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All agile methods you use are driven by quality. So, you do not need any additional resource. Quality Control and Quality Assurance are implicit or explicit inside each agile based method.
Someone that has been focused on QC type activities to date can be successfully integrated into an existing agile team if they are willing to move to a generalizing specialist approach and if they are willing to share their expertise in quality practices with the rest of the team. By doing so they will become more versatile and the overall quality of the deliverables produced by the team will increase.
On the other hand, if they stick to a pure specialist role, they are unlikely to fit well into the team.
A number of years ago at one employer, I ran a set of XP teams, and placed the assigned QA resource on-team, attending all the standups etc., and very closely located with the team as well. As coach, I explicitly gave her permission to decide when a user story was "done", and accepted. This worked very well, and she found it empowering.
In agile theory, the Product Owner or Customer role is supposed to accept or reject user stories as done. Sometimes though, the product owner role is not officially filled, and requirements come from a number of alternative sources. In a case like this, a QA resource can instead act as user story "doneness judge", and can at least perform user story acceptance. A business analyst or team of analysts can perform the other functions of the product owner.
This arrangement worked well for the teams I was working with at the time. It also gave the assigned QA resource a real and highly relevant role in the team, and certainly aided her assimilation into it. It also promoted QA from some sort of trailing activity into an integrated and important team member.
I'm not saying this was ideal, but it worked for us at the time. Something to consider.
Developers could easily resent a QA person being added to the team if his or her role is not clear, and if they suspect they will have someone looking over their shoulder as they develop. Having the QA person acting as the gatekeeper for formal story acceptance though keeps the roles separate. Your developers are less likely to resent this.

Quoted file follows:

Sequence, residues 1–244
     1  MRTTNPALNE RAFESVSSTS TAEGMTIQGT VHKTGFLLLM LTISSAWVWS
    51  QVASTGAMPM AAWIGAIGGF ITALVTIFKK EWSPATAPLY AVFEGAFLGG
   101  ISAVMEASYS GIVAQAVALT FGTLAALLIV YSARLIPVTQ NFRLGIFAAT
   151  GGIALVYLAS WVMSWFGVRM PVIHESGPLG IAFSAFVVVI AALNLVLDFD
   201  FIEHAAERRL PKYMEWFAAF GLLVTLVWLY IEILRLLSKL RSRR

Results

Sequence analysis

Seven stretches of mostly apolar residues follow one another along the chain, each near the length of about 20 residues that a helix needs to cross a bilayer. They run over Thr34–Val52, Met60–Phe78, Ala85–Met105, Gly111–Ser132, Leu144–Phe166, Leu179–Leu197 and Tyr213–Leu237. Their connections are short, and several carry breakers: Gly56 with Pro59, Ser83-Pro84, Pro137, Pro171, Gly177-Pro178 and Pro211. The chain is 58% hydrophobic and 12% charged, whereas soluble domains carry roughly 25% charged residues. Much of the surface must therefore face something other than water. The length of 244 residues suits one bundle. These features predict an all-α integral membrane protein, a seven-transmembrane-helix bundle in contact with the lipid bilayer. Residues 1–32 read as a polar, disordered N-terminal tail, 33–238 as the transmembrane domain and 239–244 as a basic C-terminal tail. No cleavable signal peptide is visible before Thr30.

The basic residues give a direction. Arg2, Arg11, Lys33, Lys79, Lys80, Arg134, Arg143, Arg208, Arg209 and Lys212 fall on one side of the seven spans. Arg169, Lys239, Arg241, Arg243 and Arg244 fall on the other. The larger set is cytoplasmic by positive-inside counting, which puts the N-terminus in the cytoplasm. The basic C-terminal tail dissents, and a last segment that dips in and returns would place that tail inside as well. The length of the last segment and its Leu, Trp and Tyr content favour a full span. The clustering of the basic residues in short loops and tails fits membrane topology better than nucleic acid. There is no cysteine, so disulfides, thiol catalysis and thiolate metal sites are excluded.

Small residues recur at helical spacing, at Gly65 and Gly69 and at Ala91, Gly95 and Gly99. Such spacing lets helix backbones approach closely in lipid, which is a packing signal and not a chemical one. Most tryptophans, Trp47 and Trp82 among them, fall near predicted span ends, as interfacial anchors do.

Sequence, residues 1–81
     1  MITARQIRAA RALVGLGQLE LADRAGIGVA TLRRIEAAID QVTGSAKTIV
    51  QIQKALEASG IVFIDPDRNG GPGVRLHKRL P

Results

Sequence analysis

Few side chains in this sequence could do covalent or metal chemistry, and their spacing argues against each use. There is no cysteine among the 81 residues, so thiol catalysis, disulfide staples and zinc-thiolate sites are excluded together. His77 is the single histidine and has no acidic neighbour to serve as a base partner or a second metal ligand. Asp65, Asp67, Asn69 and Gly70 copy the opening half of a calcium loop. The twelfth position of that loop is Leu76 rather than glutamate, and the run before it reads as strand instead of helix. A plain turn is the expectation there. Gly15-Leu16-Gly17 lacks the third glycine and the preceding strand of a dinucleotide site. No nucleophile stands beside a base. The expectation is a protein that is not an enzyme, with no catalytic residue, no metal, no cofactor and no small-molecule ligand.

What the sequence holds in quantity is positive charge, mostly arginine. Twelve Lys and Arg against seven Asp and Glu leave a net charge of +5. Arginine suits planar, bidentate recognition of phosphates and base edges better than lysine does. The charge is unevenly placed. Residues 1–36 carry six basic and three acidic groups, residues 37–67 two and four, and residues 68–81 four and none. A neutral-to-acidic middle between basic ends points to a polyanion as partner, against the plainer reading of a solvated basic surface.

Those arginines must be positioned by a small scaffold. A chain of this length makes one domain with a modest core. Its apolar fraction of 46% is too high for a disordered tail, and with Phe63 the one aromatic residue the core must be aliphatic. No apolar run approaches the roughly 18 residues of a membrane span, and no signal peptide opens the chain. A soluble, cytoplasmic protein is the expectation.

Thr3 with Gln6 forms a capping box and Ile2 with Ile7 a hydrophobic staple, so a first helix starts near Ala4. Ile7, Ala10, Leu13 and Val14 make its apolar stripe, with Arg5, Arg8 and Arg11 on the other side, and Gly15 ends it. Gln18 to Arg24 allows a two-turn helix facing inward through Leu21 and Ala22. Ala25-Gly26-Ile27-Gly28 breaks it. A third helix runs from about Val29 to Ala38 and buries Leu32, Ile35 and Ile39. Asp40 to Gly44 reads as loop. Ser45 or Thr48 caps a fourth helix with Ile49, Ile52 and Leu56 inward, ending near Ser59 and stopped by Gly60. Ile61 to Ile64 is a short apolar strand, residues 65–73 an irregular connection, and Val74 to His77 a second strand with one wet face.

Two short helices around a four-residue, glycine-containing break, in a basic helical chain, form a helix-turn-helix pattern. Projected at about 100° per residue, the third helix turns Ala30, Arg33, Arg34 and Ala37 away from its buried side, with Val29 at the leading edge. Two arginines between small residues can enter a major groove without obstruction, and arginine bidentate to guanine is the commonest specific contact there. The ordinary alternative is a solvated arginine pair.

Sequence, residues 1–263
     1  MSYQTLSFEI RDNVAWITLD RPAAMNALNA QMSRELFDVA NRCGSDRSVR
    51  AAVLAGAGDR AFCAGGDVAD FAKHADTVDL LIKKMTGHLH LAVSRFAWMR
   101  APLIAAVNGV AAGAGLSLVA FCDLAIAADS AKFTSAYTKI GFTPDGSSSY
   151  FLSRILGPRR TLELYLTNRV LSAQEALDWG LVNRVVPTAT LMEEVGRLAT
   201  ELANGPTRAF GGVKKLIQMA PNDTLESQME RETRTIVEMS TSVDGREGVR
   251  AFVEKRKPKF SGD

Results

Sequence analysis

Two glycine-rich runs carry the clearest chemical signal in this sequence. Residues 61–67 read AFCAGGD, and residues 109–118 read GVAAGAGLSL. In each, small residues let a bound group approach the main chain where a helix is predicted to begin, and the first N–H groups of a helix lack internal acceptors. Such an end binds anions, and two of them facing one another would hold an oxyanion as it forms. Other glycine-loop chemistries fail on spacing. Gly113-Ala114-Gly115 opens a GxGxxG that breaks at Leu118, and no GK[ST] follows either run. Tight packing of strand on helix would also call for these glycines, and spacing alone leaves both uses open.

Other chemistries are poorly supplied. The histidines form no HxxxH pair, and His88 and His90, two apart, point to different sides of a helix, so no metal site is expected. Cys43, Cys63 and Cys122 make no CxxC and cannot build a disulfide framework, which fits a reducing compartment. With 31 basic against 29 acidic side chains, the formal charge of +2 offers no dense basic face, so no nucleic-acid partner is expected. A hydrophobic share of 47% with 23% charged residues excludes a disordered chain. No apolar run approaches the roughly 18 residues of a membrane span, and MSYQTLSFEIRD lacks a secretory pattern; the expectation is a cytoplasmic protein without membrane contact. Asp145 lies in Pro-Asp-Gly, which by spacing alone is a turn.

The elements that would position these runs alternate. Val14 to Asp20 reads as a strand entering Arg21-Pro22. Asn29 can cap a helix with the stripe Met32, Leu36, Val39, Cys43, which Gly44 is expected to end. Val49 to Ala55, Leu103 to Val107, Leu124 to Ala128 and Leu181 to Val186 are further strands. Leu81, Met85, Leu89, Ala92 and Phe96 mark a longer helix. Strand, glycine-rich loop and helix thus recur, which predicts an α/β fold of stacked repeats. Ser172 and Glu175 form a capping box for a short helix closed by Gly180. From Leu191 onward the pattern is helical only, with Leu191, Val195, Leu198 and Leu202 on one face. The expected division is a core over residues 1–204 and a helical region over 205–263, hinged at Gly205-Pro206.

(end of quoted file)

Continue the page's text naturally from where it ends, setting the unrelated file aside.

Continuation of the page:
I agree with Kiron. It sounds as though you are wanting to develop a hybrid team of waterfall, and Agile, which depending ont he organization, may be fine.
The best QC integration I've had was when the QC analyst worked with a QC developer on developing automated functional test scripts. The coded software could be run against the automated scripts for immediate feedback and rework.
By the way, Robert, there are no quick victories. The only victories are the ones you had to work hard for.
All teams I work with are restructured to include QA resources--my reading of the formative works of various Agile methods is that all call for cross-functional teams that can deliver a fully developed and tested deliverable. The biggest challenge is timing: If the tester has to sit on their hands waiting for all of the developers to deliver, he or she will be overwhelmed at the end of the sprint and the team will only deliver a small fraction of its stories. The following techniques have proven successful at limiting this problem: test automation (per Stephan's comment), freeing the QA resource to focus on exploratory testing; acceptance-test-driven-development, with the QA person writing test cases before development begins; smaller stories, such that developers submit work for testing early and often throughout the sprint; and as Kiron mentions, cross-training such that developers can do low-level testing, and testers can do low-level development.
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